What Buffy the Vampire Slayer can teach us about mental illness

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Jun 30, 2018, 12:30 PM EDT

"The hardest thing in this world is to live in it."

I've been thinking of those words a lot lately. With the recent losses of Anthony Bourdain and Kate Spade, a general sense of darkness in the world as we've come to know it, and my own ongoing struggles with depression and anxiety, struggles that ebb and flow from still and calm to crashing, crushing waves, those famous words uttered by Buffy Summers in the Buffy the Vampire Slayer Season 5 episode "The Gift" are etched in that part of my gut where I most feel my own mental illness. That aching, tightening emptiness beneath an overflowing, overwhelmed brain, so full of thoughts and feelings that I can't parse them. But somehow, those words remain clear and within my grasp.

The hardest thing in this world is to live in it.

Depression is an illness that takes. It takes energy, motivation, little bits of our minds and souls drizzling out until they don't feel like us anymore. And anxiety fills those spaces with terror and panic. When the two work together they can make me feel at best useless and at worst actively destructive, like I'm making the world worse by being part of it, like when bad things happen it's my fault, like the world is on my shoulders and I can't handle it.

And while I know it's just the chemicals in my brain playing cruel tricks on me, it's these dark feelings that helped me find solace in Buffy.


When I was in my teens watching the show, I didn't know how much Buffy resonated with me as a character. I fancied myself more of a Willow with Xanderly tendencies. But I knew Buffy's desire for normalcy, to fit in despite this massive piece of her life that got in the way and complicated things; I always understood that in a way that only now do I see was vital to my existence at the time, my ability to survive it all. I understood why Buffy would sometimes withdraw from her friends, even turn on them and push them away. I understood the need to be "strong," to pretend things were okay. I understood the feeling that no matter how hard you tried, no matter how much you did, no matter how much you succeeded in one area, that you could still fail in others and that failure felt like a defining quality. I understood not because I was a Slayer, the Chosen One of a generation, but because I was a teenager with a mental illness I didn't understand, one I'm still trying to understand and to exist with. And it's f*cking hard.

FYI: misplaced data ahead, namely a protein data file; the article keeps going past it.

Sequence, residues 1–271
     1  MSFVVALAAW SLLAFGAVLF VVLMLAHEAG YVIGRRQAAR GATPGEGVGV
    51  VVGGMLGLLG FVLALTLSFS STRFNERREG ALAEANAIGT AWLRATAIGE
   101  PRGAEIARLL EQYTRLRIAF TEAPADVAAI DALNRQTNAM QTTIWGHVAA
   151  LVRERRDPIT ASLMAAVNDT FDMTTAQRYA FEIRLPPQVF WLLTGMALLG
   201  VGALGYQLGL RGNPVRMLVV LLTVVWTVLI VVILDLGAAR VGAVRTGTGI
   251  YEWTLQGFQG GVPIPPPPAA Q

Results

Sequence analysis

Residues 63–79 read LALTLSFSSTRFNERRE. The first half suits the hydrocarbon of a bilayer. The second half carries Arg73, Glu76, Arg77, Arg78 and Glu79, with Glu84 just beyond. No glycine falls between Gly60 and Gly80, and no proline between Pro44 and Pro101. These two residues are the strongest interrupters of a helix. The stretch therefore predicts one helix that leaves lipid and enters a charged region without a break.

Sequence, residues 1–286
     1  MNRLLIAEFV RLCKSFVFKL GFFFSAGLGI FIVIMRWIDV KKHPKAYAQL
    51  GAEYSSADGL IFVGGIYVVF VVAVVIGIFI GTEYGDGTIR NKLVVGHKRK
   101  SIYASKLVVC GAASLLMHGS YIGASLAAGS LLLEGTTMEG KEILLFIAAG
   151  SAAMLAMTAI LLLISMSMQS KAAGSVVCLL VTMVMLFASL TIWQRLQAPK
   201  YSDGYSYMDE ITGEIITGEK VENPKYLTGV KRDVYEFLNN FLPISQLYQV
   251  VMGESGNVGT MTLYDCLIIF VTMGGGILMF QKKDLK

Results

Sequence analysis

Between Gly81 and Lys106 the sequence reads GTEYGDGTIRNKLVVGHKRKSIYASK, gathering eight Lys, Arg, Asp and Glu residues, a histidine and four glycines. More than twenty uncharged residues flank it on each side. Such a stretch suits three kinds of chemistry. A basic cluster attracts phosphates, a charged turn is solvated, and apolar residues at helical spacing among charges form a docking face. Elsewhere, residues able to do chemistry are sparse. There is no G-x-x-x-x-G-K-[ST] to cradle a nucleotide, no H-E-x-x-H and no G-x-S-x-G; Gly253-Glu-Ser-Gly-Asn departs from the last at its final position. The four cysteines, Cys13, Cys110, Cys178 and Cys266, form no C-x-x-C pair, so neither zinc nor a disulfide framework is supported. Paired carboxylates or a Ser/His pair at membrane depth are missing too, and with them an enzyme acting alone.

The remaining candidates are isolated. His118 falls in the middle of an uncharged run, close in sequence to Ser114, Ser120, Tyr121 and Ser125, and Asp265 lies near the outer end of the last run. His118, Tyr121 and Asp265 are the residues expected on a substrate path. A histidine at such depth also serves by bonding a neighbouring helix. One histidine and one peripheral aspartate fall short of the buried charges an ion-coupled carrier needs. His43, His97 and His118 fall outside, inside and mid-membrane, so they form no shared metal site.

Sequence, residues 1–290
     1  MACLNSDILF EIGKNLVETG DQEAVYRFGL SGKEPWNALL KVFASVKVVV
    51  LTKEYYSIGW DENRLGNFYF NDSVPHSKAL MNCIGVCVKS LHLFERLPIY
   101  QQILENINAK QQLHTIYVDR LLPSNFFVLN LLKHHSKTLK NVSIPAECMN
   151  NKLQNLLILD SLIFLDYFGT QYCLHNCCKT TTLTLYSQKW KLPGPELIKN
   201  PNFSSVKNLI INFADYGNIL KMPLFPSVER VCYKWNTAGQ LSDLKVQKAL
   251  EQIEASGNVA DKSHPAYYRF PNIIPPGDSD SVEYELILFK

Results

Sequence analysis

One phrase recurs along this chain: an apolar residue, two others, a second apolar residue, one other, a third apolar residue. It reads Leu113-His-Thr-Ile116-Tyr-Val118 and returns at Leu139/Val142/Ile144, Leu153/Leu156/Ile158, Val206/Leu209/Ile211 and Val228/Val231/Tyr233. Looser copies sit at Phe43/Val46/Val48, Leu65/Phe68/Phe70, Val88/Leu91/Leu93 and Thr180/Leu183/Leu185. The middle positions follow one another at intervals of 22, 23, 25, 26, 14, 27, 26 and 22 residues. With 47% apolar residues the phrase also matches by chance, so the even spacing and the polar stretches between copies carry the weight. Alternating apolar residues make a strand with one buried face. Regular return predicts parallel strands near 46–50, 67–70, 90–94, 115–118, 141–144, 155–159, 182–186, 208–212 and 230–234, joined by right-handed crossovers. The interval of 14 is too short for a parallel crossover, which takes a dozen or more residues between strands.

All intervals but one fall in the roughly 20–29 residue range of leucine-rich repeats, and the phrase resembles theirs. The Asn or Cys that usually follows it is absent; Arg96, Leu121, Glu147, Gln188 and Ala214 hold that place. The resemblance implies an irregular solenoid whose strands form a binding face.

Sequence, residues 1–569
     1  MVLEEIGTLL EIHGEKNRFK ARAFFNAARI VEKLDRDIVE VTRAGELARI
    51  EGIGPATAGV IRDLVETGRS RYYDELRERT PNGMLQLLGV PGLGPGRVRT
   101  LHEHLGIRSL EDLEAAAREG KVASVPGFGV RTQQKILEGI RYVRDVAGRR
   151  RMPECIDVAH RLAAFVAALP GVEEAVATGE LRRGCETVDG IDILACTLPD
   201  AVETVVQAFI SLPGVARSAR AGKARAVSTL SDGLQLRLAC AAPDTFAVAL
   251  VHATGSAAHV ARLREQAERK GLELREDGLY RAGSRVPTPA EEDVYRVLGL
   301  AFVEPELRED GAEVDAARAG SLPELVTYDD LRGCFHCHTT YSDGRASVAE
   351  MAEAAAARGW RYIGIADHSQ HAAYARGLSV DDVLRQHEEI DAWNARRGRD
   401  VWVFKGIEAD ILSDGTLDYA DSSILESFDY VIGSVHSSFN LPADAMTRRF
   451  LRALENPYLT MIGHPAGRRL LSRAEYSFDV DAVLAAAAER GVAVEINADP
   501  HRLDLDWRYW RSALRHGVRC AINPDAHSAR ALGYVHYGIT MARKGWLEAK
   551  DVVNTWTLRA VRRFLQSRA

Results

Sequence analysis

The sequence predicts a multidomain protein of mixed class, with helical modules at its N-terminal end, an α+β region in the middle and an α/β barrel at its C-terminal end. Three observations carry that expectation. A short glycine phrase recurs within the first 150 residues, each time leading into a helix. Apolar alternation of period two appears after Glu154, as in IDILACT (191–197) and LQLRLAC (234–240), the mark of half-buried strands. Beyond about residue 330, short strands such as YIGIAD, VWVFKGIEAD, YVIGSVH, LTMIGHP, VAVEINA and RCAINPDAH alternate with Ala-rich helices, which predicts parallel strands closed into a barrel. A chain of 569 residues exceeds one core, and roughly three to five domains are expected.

But it's also part of me. My mental illness has shaped me in a fundamental way—I'm not who I am in spite of anxiety and depression, but because of them. They do not define me, but they are part of me. They are inconvenient and messy and hard. But they've made me kind and understanding. They've made me feel weak but they've made my heart strong. They're my powers. And like the Slayer, there's a lot of sh*tty things that come with those powers. But maybe I can help people. 

So I talk about it. I talk about the pain, the ugly, the things we don't show in Instagram selfies or funny tweets. I talk about it so others know they're not alone. And it's hardly the "Chosen" speech — it's far more "We happy, we few, we band of buggered" — but by being honest about the pain, by owning it, it becomes ours.

Of course, the state of the world isn't helping matters. Maybe a Hellmouth isn't opening (although it would honestly explain a lot about the past two years), but there is a consistent feeling that the apocalypse is coming and we have no Buffy to beep. Since the 2016 election, therapists have cited an increase in "fatalistic, depressive" qualities among their patients. While the Season 3 episode "Earshot" was postponed due to a school shooting storyline in 1999, today mass shootings are a near-constant, a part of our normal. There may not be vampires or demons, but we live in a world with plenty of monsters and a very real knowledge that we alone cannot stand against them. That whatever power we find in our pain, we can't save the world.  

But even Buffy didn't do it by herself. According to the World Health Organization, 350 million people have depression. For a deeply lonely disease, we are myriad. We may never know each other, but we are in this together. And we may never fully control these powers, but we can learn from them. We can find hope. Because there is always, always hope.

The hardest thing in this world is to live in it, yes. But that's not how Buffy ends that speech. She goes on. And so do we.

"The hardest thing in this world is to live in it. Be brave. Live."

The views and opinions expressed in this article are the author's, and do not necessarily reflect those of SYFY WIRE, SYFY, or NBC Universal.

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